Don’t take the easy way out

Source: The Sunday Times, Jan 16 2011

Doctors should rely on senses, experience and eschew costly, unnecessary tests

By Lee Wei Ling

There have been many reports in recent years of doctors, in the United States especially, ordering too many tests. Many of these tests are unnecessary and contribute to the rising cost of health care. In addition, tests that depend on imaging by X-ray may expose patients to excessive amounts of radiation.

In the old days, there were fewer tests available and doctors had to think like detectives, using every clue to guide them to a diagnosis.

Most of the relevant information doctors need – up to 70 per cent or more, especially with neurological problems – comes from what the patient tells us. But it takes experience to pick up the relevant parts of the patient’s story and not be misled by red herrings.

Doctors take down the history, a narration of how an illness started, evolved, what bothers the patient – for example, whether there is fever, cough, vomiting, headaches and so on.

The doctor might well ask other questions that may be relevant, depending on the hypothesis she has built up at that point, such as whether the patient smokes or consumes drugs – not only what may have been prescribed but also obtained illicitly.

While we are listening to what the patient tells us, we have to simultaneously think of various possible illnesses, and narrow down the possibilities to a few that seem most likely.

About 15 per cent of our information comes from examining the patient. This is usually done after taking down the history. Examinations often involve looking at, feeling, listening to – and sometimes, even smelling the patient.

An examination includes observing the patient’s general condition. A doctor might look into various orifices, like the mouth, ears, and even anus and vagina when the clinical picture suggests the latter two sites may yield valuable information.

Next, we may palpate the patient, feeling and pressing on various parts of the patient’s body, including the abdomen. This is often followed by auscultation with a stethoscope, to listen to the lungs, the gut and sometimes sounds that come from abnormal blood flow.

Finally, a neurological examination may be done if necessary. This is usually the most difficult part of the examination and many non-neurologists do not even bother to master the technique.

A good doctor can often arrive at a diagnosis through such examinations without conducting any test at all. Tests generally provide only 15 per cent of the information we need.

Of course, the precise percentage that comes from taking down a patient’s history or examining him or from tests varies from disease to disease. Hence how we approach a patient depends on what we suspect.

It is also important to have an open mind, and gather as much experience as possible, because diseases do not always present themselves in the classical way. Also, once we have decided on a particular diagnosis, there is a tendency to forget that we may be wrong, and thus be ready to revise our diagnosis when some unusual feature turns up.

In 1982, I was training in paediatric neurology at Massachusetts General Hospital, better known as MGH (or ‘Man’s Greatest Hospital’, as some have it). I was called down once to the hospital’s emergency department because ‘a baby had a fit’.

I asked the mother what happened. She said the baby had been perfectly well, suddenly gave a cry, vomited, then went limp and became unconscious.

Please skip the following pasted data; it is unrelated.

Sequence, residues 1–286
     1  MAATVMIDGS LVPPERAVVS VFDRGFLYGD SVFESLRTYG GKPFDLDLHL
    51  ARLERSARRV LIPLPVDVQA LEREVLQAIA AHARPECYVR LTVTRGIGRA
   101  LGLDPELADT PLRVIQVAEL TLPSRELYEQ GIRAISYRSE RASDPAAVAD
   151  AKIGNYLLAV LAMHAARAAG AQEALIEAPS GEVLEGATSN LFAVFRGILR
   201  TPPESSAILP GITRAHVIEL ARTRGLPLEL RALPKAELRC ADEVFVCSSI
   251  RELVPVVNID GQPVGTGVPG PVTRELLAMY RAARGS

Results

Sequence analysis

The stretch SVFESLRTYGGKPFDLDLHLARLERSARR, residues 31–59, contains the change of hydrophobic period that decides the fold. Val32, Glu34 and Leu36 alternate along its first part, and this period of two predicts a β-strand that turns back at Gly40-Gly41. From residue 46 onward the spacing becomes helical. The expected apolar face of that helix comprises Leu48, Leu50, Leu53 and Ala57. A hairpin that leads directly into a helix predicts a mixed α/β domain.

Judging from her story, it did not seem to me that the baby had suffered a fit. Instead, it seemed to me that the baby had suddenly felt severe pain and fainted as a result. The vomiting suggested something had happened in the intestine.

In fact, any paediatrician who had been trained by Professor Wong Hock Boon, the father of paediatrics in Singapore, would have immediately blurted out ‘intussuception’. It is a condition where one part of the small intestine telescopes into the next part and becomes stuck as a result.

I confirmed that it was indeed intussuception by carefully palpating the baby’s abdomen. The abdomen was soft and the baby gave no hint that the palpation caused him pain.

In the right upper quadrant of the abdomen, I felt a lump. That was the part of the small intestine that had telescoped. If not urgently reduced – that is, unstuck – the gut would become gangrenous, the entire abdominal cavity would fill with bacteria, and the child would become seriously ill and probably die.

I told the crowd of paediatricians around me that the baby had intussuception. I suggested a barium enema be arranged as soon as possible. I was somewhat annoyed that none of them, not even the senior paediatrician heading the paediatric team in the emergency department, believed me.

Instead, they laughed and wondered why a neurologist was palpating the abdomen. After some argument, they agreed to do at least a plain X-ray, which might show up the intussuception.

It did. A barium enema was then arranged and a few hours later, the intussuception was reduced and the baby was perfectly well.

After that incident, I was no longer called ‘that little China girl’ by my American colleagues. Their impression of Singapore changed. They realised that doctors trained at the National University of Singapore (NUS) usually do not order unnecessary tests.

Rather, we use all our senses as well as accumulated experience, and perform only a few relevant tests. That combination can allow doctors to get to the root of their patients’ troubles without conducting too many expensive tests.

I am proud of the NUS medical faculty. I am proud of the practical training it gave my generation of doctors.

Now, when I see young doctors emulating doctors in the US in ordering too many tests, I go out of my way to chastise them.

Adapted from an article on the ST, 16 Jan 2011